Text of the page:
Security Barometer Results: Workplace Violence Prevention Programs

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With the State of California new extensive workplace violence prevention program law coming into effect July 2024, we can expect more and more organizations are ensuring they meet similar standards.

This Security Barometer quick poll wanted to investigate how the new law might affect work place violence programs in general.

Over 80% of respondents felt they are or will be subject to the California workplace violence prevention law.

chart showing 63% of respondents are or will be subject to state of California workplace violence prevention law

Almost 90% of respondents represented organizations that currently have a workplace prevention/mitigation program in place.

chart showing that 87% of respondents have a workplace violence prevention/mitigation program in their organization

Of those that had a WPV program only 58% felt that the program would meet the California law requirements.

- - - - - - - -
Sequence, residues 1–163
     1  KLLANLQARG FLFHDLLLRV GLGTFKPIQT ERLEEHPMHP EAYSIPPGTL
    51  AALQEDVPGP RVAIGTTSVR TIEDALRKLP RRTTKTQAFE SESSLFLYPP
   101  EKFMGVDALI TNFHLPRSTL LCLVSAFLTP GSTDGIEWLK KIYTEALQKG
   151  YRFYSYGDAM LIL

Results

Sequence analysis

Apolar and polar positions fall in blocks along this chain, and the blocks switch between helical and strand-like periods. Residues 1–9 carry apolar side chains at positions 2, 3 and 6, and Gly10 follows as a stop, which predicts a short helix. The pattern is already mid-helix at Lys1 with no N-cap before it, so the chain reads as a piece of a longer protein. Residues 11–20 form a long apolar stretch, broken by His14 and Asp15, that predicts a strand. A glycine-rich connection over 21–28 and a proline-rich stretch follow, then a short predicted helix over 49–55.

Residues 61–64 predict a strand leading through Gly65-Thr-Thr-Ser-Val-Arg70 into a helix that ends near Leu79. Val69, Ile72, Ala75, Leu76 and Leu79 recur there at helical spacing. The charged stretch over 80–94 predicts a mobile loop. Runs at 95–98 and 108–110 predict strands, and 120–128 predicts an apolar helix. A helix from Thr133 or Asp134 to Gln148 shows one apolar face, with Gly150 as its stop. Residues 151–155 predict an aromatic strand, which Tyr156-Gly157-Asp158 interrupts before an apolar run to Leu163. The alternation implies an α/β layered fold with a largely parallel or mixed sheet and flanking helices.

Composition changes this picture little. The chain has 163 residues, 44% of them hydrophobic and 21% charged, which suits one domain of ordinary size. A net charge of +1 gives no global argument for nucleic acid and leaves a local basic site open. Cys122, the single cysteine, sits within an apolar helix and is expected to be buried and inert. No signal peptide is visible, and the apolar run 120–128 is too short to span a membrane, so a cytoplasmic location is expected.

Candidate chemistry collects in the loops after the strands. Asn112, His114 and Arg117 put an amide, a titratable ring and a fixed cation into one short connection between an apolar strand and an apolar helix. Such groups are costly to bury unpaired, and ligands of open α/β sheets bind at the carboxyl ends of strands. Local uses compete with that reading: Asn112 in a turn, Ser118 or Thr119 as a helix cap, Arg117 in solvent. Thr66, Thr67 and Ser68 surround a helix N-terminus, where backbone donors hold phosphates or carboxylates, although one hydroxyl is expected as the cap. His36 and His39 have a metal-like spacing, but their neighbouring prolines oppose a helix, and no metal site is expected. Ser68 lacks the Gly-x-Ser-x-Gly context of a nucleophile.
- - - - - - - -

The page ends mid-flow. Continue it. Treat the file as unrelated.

chart showing that 58% of respondents feel their workplace violence program would meet California requirements if it had to

When asked who participated in the development of their WPV program, 87% utilized existing staff and 45% utilized external consultants. 29% respondents inherited an already existing program. (Respondents were allowed to choose more than one answer for this question).

chart showing that 87% of respondents worked with internal staff to develop their workplacce violence program, 45% with external consultants, and 29% inherited an already existing program

The poll allowed participants to share comments and explanations for their answers. Some interesting themes include:
  • Quite a few participants met most of the California requirements but needed to add specific elements such as training or allowing access to investigation and corrective action records.
  • Some participants felt the law helped to bring attention of WPV to executive management offering them the opportunity to improve their programs.
  • For larger organizations, meeting the requirements may be law in their California facilities, but some are now moving to expand those requirements to locations outside of the California jurisdiction.

Next Steps

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